It is this coöperation and its essential qualities, of which we need to hear more in our educational system. Foremost among these qualities is the habit of truth,—the conviction that truth must prevail between man and man, nation and nation, race and race. In the instilling of that conviction, four powerful forces have their greatest opportunities. If the home supplies the lesson to love and honor the truth, the habit of the child will fix the character of the man. If the school systematically teaches of duty toward neighbors, government, country and God, youth will reverence that spotless reputation which comes by living with honor, on honor. If the church will make as its staple of preaching those beatitudes of sim

plicity, reverence, self-discipline, humility and a sense of responsibility to law and to God, which have been the strength of American life, the public conscience will be quickened in the condemnation of all doubletongued speaking and acting. And finally, if the internal police and sanitary powers of the business world set themselves to place the commercial fraud under arrest, and to classify falsehood with things outlawed, American enterprise will gather fresh immunity from the diseases bred by any plague of lies.

Religion, and the church as an organized expression of religion, should have an irreconcilable quarrel with false swearing in all its forms. The invocation of the Holy Name for the purpose of counterfeiting truth with a lie, is blasphemy. It lowers the ethical standards of conduct. It degrades the community. As recently said by Cardinal Hayes:

"If in business, in play, in all the daily concerns of life, blasphemy is rampant, if profanity has become so common that it assails the ear a score of times in a walk of a few blocks and offends the eye on every third page of the modern novel, what reason has any one to expect that in one particular spot-in a court-room -reverence should be given to the Name which is above all names?"

Any one of these four great forces, -the home, the school, the church and the business community,—can do more to lessen perjury than all the laws that could be written on the statute books. Unless these forces are awakened into action, the consequences are bound to be increasingly evil. There can be no sound

civic life when justice becomes the plaything of falsehood, when perjurers with impunity stick their tongues in their cheeks, and when perjury itself is little worse than a joke in bad taste. Especially is this true where those who allow the temple of justice thus to be profaned are the ministers under vows for its protection.

Unless perjury is speedily to become a privilege rather than a crime, a far sterner sentiment must replace the present apathy; and the educational forces of the community, and the ethical forces of bench, bar and government, must gird themselves adequately to meet the danger.

These ends can best be served by an authoritative and thorough study of causes and of remedies. An expert inquiry is a national concern of the

first magnitude. Such an inquiry should be undertaken under authority of legislature enactment, conferring the power to send for persons and records; or under the authority of the American Bar Association. Local inquiry could effectively be conducted by a joint committee representing the local Bar Associations, courts and prosecutors. By such means public attention can be centered on the evil; the public conscience can be stirred; harmony of thought as to preventive and punitive measures can be attained; and needful reforms, not only in the substantive law, but in the community's educational system, can be achieved. Keep the topic alive in the minds of the people, and the forces that make for reformation will continually gain in strength.



When I was riding through the dusk-
Was riding silent through the dusk-
I did not care how long the road,
Or brief, I chanced to ride.

But only saw the daisy fields-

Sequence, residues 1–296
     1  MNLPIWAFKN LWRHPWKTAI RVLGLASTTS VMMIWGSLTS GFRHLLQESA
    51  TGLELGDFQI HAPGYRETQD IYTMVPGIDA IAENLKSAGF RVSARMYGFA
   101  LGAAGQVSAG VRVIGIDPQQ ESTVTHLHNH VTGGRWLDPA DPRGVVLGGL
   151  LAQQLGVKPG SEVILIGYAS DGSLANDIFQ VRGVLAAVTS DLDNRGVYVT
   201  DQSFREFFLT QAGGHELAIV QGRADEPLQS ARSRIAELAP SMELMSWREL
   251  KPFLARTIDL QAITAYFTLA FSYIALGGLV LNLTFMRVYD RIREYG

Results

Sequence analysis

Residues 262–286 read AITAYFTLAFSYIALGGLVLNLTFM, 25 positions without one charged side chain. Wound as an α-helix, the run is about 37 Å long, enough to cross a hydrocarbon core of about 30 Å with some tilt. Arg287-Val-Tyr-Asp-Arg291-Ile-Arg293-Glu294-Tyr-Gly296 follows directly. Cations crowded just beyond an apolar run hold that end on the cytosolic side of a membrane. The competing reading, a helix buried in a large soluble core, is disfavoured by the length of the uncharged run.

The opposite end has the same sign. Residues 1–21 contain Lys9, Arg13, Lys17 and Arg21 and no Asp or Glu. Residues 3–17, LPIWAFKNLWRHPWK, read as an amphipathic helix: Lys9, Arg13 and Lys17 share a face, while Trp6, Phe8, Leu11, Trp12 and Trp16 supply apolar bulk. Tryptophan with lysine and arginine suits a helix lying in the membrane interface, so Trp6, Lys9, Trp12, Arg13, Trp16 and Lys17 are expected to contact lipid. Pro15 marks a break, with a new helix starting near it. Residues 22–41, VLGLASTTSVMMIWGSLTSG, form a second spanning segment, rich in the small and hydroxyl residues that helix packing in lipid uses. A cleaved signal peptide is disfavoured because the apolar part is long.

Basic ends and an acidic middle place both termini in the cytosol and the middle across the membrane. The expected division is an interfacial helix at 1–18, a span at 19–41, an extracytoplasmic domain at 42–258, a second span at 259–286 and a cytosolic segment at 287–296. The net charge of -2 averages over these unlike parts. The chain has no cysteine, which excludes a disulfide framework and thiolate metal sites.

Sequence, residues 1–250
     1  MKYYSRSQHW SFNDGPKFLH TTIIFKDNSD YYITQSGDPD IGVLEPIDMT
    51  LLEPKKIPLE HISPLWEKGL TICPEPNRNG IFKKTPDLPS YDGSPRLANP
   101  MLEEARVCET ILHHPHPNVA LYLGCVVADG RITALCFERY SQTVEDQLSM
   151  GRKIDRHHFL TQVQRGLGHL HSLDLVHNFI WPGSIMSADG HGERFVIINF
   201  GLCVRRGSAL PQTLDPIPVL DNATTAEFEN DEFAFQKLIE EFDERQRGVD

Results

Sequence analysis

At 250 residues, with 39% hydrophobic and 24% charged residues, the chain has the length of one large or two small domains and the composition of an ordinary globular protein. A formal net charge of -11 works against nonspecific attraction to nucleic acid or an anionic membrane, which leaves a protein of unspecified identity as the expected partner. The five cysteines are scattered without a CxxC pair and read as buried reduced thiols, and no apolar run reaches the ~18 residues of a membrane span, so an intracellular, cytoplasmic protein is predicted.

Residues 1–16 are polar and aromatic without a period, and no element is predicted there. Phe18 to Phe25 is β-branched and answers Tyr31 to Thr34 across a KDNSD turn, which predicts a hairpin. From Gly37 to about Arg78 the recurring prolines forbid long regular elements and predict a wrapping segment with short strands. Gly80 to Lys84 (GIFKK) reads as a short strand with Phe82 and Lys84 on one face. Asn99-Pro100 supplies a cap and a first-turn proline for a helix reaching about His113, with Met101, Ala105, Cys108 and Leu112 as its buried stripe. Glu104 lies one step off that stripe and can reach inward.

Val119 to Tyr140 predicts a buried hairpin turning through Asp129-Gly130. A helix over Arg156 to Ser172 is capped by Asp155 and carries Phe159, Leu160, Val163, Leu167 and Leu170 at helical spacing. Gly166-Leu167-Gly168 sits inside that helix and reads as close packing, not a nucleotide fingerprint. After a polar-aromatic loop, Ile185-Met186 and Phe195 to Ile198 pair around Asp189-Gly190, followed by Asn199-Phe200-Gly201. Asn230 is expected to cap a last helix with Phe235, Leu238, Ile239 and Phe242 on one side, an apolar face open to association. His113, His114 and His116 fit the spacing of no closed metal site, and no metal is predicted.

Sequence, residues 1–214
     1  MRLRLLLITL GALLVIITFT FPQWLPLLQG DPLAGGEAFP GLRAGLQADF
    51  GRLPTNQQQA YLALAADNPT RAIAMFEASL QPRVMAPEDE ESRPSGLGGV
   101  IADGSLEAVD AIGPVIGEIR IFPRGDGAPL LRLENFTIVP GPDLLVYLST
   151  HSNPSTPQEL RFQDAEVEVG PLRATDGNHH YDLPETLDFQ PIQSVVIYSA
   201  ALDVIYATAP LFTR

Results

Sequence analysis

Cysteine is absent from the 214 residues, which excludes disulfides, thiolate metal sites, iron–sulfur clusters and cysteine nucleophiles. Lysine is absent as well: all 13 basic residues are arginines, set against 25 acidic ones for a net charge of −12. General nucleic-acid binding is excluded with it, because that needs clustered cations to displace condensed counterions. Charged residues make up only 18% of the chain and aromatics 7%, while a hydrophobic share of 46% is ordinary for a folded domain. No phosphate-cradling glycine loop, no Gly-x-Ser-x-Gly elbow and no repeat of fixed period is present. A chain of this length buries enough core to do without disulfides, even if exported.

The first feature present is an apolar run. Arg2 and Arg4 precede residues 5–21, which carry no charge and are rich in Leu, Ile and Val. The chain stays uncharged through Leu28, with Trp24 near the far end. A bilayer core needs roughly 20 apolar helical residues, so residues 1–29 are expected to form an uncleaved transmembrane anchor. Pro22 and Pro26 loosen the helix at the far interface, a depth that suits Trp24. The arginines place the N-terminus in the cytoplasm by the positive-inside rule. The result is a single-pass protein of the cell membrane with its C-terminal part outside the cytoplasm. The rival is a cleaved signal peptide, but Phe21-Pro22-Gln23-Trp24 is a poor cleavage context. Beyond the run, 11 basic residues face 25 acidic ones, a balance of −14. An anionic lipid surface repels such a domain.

The green expanse of hazy fields—
The soft vignette of lazy fields,
For spring rode at my side.

I did not care how far the road-
How far beyond my star the road
Would end me when the reverie
Of that dear day had gone.

I wish that I had cared to see-
Had looked about and dared to see
The road's fell secret bared to me,-
For autumn rides alone!




HEN my brother Charley was two years old he caught the whooping-cough and patiently whooped himself into a double hernia. My mother bought him a little truss she had seen advertised in the papers; it was "guaranteed to cure all hernias and ruptures, single or double. Comfortable and refined in appearance. Within a year you throw the truss away." Within six months she had to buy him a heavier one, and inside of two years she had spent sixty dollars on trusses for Charley, without noticeable result. At this point Mrs. Hennessey, a neighbor with gall-stones, suggested Dr. Phinney. On examination the Doctor said "Cut." Dr. Keating, a regular twenty-five dollar man, was to administer the ether. At a family conclave it was decided to hire a trained nurse, which would bring the total cost of the operation up to two hundred dollars. This is a heavy piece of change said my father, and it means no overcoats for the rest of you next winter added my mother. Then she sent five dollars down to Father Gillen to have a mass said for Charley's operation.

Charley of course was not consulted, and when rumors of operations reached him, he made no comment. He had arrived at the age of four without uttering a word. His control of language was limited to

two sounds, both having to do with sustenance. It was his custom to meditate all day upon the mystery of a rubber elephant called "Numble," but all truths revealed by Numble were forever hushed in the vast silence of Charley's ponderings. Daily at five-thirty he tranquilly absorbed a bowl of gruel, and allowed himself to be bedded down with his elephant just as the great peace of sleep overtook them both.

On the morning of the operation a vague glimmering that all was not regular in the household, flickered across the misty fo'c's'le of Charley's brain. A strange nurse bathed him and carefully kept all bottles away from his face. We kissed him dolefully when we went to school. So when Doctors Phinney and Keating appeared around ten o'clock, Charley could not be located. An hour's search finally uncovered him in the bottom of an old bureau in the attic.

"Dumb but not so dumb," was my mother's comment as they led her bleating lamb to the operating table.

Either the operation or the rosaries seemed to do him some good. He began to talk-not exactly with the tongues of men and angels—but in a wet blubbery jargon of his own. "Buh," was bread; "wuh," was water; "guh," meant play, and also stood for "more sugar on my bread."